Marine Sanitation Hose
Not all hoses are created equal, and shopping for a marine sanitation hose can be daunting, even for someone who has been boating for a while. Being confronted by the vast selection of brands, materials, bendability, permeability, and what type of materials the hose can handle can become more than just the "simple" task of buying a section of hose. Read on to make sense of the different hose properties.
Unfortunately for most boaters, we can't have the same type of sanitation setup as we have at home, with its metal and thick-walled PVC pipes that are virtually impervious to permeation. Such rigid pipes are usually impractical on a boat because most marine toilets (and their fittings) must be crammed into spaces more suited for garden gnomes than real people. Thus, it isn't pipes that most of us need, but hoses.
Eeew That Smell
And it's tough to get resistance to the various unpleasant things that go down a toilet and cause those noxious odors by using a flexible product, although not impossible. But it has to be just the right material or combination of materials to both bend as needed, yet be as non-permeable as we can get it.
For example, although vinyl is easily bent, this attribute comes at a cost. Vinyl contains plasticizers, which leave the hose porous for acidic gases such as carbon disulfide and hydrogen sulfide to waft through. If a marine sanitation hose is going to be manufactured with vinyl it must have extremely low levels of plasticizers, plus have added polymers to help block odors.
Rather than vinyl or even the nitrile and neoprene used for other types of hoses, the best marine sanitation hose will be made with materials like urethane, butyl, EPDM, and PVC. Butyl rubber is excellent due to its very low gas permeation rates, but if this is used you must be very careful never to dump any oil/oil-based products or solvents into the head, as butyl will not stand up to oils. And elastomers in the head as well as the hose itself could be damaged.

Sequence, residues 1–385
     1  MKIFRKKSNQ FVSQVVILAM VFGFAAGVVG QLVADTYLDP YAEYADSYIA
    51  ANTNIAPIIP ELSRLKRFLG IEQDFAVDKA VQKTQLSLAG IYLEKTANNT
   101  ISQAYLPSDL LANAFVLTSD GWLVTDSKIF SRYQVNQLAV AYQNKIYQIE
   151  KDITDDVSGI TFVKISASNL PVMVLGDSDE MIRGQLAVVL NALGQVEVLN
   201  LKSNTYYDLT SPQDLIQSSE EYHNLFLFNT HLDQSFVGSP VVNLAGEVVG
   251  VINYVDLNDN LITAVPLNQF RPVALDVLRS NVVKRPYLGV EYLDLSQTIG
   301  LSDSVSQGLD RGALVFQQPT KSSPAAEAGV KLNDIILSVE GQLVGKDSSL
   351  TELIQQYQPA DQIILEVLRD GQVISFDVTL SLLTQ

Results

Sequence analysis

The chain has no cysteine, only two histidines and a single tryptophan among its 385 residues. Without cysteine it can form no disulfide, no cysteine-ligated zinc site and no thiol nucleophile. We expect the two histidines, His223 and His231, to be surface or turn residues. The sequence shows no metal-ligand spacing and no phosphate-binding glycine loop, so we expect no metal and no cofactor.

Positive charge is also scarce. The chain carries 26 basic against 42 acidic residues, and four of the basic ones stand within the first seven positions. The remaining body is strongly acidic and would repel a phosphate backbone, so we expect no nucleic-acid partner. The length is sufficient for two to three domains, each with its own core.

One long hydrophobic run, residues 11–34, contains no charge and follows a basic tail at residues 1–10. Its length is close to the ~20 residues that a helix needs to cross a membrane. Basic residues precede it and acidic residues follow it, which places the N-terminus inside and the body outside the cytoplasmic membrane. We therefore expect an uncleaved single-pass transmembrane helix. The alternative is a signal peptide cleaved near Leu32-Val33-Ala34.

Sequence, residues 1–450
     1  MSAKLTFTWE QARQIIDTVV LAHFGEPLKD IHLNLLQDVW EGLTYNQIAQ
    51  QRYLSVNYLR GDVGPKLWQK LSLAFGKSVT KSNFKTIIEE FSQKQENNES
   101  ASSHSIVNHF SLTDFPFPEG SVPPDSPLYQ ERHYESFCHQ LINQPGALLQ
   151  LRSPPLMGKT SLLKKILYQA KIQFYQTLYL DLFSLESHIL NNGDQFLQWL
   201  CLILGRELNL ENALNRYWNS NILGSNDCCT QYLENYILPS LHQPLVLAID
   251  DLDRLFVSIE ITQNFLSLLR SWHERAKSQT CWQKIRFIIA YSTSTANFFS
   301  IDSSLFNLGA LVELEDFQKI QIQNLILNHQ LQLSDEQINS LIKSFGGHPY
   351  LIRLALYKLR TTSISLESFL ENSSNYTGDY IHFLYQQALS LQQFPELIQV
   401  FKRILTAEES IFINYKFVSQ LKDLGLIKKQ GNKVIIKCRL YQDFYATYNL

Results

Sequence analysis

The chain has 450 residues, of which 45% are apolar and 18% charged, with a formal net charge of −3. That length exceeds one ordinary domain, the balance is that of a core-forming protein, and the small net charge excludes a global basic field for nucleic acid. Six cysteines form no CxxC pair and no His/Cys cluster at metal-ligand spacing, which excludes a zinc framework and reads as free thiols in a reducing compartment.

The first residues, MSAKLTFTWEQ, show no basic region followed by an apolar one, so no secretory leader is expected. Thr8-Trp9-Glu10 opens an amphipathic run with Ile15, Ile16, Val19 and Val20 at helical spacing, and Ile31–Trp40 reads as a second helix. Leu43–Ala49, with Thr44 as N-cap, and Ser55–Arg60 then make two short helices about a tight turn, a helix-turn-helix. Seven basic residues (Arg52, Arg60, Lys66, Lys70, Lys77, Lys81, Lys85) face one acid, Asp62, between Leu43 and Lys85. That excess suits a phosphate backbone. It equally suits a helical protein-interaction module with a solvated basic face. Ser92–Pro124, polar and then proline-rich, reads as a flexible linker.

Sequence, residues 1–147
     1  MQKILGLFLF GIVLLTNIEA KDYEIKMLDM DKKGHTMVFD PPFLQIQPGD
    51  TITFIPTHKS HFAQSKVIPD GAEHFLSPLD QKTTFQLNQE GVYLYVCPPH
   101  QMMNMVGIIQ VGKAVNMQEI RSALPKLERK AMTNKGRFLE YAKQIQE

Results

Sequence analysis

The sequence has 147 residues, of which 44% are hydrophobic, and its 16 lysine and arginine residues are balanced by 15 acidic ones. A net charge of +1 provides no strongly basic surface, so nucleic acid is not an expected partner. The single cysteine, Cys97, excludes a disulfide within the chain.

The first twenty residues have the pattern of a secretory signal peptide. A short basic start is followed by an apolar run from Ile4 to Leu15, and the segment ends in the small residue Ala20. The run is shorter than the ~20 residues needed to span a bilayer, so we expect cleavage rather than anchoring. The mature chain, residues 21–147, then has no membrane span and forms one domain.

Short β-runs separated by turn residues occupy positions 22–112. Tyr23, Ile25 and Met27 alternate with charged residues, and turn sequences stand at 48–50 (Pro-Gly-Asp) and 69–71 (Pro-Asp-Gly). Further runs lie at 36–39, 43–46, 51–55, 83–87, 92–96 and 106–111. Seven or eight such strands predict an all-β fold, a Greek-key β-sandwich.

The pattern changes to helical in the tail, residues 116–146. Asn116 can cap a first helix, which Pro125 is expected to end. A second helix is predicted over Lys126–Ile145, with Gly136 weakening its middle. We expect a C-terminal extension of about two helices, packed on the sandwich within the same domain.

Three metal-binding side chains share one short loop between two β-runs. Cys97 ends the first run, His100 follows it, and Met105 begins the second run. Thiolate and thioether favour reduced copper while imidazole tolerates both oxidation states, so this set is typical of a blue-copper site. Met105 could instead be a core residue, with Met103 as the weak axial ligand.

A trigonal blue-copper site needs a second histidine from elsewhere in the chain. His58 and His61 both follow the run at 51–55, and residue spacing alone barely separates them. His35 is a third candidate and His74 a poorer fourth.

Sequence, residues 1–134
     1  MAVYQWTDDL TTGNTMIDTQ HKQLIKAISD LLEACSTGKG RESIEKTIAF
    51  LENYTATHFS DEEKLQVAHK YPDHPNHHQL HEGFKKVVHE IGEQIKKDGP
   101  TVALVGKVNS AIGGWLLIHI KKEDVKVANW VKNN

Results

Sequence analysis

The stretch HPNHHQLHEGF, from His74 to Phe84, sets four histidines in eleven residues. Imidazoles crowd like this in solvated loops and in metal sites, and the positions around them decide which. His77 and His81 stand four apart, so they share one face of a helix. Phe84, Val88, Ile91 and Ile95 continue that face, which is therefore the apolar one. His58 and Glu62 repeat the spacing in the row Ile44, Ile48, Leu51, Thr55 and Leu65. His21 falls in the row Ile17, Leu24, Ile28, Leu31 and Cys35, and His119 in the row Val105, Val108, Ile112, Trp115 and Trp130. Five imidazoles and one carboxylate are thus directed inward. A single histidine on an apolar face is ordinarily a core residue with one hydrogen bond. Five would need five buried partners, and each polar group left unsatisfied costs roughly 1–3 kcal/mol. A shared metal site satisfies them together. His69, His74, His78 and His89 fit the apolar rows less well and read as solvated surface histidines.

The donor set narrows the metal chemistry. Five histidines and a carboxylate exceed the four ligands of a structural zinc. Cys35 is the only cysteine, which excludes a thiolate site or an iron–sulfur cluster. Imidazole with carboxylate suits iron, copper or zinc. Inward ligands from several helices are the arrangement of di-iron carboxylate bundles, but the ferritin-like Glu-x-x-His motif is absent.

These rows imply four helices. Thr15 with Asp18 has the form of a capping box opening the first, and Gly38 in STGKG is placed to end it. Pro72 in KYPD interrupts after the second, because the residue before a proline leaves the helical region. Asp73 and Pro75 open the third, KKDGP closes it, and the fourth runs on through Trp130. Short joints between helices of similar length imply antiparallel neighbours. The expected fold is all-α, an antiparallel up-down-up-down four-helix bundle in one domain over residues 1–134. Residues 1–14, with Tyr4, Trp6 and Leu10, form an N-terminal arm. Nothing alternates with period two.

Ethylene propylene diene monomer (EPDM) is a synthetic rubber that is often used in better quality engine coolant hoses and steam hoses because of its low permeation rates with antifreeze and hot water. Although its acid resistance is great, it's not great when it comes to oil. This doesn't mean it's a sub-par product, it just means you shouldn't be flushing oils down the head.
Polyurethane has the happy combination of resisting both oil and chemicals, although air and steam permeate it more than butyl or EPDM. That is unless we're talking about the Shields sanitation hose company, which has combined polyurethane with other polymers into a composite hose called Poly X. This marine sanitation hose comes with a lifetime warranty against odor permeation on your boat.
In addition to the Shields sanitation hose, the Trident sanitation hose is hugely popular, and for good reason. Their best sanitation hoses, the 101 series, and the 102 series have never yet been known to fail. Add to that the fact that considering the quality you're getting, the prices are quite reasonable, making Trident sanitation hose a great value.